Maths may not be synonymous with the Arts and Crafts movement, however an upcoming touring exhibition of potter William De Morgan’s ceramics, Sublime Symmetry, is set to explore the intrinsic relationship between tiles and geometry, writes Olivia Jones.
De Morgan, a pre-eminent ceramicist of the late-Victorian period, was surrounded by maths from childhood. His father, Augustus De Morgan, was a professor of mathematics at University College London. De Morgan’s elaborately patterned tiles and plates, depicting mythical animals and decorative flowers, were built from templates of tessellating geometrical shapes and rotational symmetrical patterns.
“Symmetry has always been a concept of beauty,” says Sarah Hardy, curator of Sublime Symmetry, which will tour the UK from next month until September 2017. De Morgan received classical training at the Royal Academy, where students were taught to draw using correct proportions.
As his friend and collaborator William Morris, De Morgan was influenced by the symmetry of Gothic medieval art, as well as the repeating geometrical patterns of ornate Persian wares and colourful Iznik tiles from Turkey. A form of Islamic art, Iznik tiles feature endlessly repeating interlacing circles and polygons that symbolise the infinite nature of Allah. De Morgan visited the collections of Persian ceramics at London’s V&A and the British Museum and, in 1877, he helped install thousands of tiles brought back from Damascus in the Arab Hall, the centrepiece of artist Lord Leighton’s former home in Holland Park, now a museum.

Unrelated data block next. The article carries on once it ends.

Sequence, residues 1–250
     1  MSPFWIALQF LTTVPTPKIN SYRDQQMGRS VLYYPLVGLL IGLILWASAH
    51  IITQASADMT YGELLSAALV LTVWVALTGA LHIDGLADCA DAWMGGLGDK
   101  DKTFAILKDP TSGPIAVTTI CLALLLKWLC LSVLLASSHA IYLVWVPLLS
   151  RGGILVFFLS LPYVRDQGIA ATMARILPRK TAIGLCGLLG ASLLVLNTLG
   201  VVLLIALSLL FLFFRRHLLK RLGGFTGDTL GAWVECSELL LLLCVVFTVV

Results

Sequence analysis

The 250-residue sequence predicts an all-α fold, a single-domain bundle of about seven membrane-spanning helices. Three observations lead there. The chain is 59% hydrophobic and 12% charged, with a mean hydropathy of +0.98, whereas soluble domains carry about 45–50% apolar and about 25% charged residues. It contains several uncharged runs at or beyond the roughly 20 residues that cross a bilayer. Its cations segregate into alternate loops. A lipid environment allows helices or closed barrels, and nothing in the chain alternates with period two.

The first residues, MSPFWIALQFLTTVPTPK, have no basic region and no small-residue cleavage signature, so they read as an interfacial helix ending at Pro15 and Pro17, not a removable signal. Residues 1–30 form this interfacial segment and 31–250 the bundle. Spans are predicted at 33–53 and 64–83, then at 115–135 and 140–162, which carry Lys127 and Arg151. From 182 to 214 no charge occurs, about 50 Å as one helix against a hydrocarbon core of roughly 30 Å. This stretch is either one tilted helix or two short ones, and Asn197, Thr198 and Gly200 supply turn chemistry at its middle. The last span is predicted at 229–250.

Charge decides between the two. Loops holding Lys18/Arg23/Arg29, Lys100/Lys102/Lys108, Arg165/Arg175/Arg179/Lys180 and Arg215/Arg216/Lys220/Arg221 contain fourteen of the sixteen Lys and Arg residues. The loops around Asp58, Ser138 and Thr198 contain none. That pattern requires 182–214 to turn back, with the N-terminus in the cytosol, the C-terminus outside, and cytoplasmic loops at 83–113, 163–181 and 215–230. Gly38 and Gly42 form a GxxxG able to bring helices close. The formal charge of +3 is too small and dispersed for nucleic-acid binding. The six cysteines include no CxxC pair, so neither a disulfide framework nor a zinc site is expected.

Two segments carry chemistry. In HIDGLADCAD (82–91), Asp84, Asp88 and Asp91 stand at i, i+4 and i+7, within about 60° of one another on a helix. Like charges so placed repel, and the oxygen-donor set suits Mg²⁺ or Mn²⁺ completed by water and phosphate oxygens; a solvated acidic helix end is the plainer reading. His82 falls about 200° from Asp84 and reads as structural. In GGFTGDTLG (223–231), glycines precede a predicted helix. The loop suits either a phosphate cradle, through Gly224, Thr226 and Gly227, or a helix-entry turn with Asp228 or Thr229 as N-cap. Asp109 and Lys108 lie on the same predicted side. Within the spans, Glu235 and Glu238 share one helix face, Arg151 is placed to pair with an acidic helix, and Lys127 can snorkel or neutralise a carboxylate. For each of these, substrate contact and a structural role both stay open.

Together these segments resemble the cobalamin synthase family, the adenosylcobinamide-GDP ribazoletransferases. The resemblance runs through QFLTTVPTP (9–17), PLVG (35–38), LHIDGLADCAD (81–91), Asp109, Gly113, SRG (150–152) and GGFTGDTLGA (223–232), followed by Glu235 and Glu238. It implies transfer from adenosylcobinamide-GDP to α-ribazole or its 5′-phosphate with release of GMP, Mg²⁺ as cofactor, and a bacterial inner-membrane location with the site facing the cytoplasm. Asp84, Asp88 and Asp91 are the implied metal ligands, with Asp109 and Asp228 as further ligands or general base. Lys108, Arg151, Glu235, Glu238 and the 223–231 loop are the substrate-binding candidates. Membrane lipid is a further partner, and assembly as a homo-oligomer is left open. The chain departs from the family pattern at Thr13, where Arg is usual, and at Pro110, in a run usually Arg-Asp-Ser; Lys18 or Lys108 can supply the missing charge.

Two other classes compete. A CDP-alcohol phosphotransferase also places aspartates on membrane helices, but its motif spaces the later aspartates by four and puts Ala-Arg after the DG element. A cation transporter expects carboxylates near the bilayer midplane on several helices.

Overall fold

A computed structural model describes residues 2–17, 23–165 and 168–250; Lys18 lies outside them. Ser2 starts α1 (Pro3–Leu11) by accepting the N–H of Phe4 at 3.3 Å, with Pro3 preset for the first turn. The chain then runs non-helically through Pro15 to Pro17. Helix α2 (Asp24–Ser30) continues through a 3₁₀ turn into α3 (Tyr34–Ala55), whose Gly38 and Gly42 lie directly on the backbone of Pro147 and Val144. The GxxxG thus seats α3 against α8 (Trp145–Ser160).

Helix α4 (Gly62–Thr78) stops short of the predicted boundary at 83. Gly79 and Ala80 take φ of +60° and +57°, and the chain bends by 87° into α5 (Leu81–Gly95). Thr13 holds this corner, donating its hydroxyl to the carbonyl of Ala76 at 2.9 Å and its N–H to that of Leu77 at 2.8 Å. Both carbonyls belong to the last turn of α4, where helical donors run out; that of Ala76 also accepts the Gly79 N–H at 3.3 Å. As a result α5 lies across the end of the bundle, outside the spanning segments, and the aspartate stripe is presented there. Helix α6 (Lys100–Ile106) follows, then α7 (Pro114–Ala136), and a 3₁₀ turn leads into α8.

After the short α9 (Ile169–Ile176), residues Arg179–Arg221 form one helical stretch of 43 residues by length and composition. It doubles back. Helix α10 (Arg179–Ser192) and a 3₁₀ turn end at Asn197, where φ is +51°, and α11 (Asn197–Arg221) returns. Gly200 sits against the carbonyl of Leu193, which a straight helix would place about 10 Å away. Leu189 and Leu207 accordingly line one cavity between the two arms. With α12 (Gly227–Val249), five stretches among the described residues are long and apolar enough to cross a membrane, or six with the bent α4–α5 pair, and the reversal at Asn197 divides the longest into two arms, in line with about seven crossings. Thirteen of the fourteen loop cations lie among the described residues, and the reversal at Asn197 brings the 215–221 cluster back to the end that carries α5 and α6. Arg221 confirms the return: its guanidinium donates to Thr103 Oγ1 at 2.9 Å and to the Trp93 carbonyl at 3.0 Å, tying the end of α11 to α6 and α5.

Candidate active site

Symmetry was instrumental to De Morgan’s design process; for patterns to be reproduced across tiles they had to be precise mirror images. Using a technique called “pouncing” he would make pinpricks along the outline of a design and rub charcoal through the holes on to the ceramic surface. The pounced design would then be flipped over on to the other side of the ceramic surface and the process repeated, ensuring a perfect reproduction of the design over a central line of symmetry.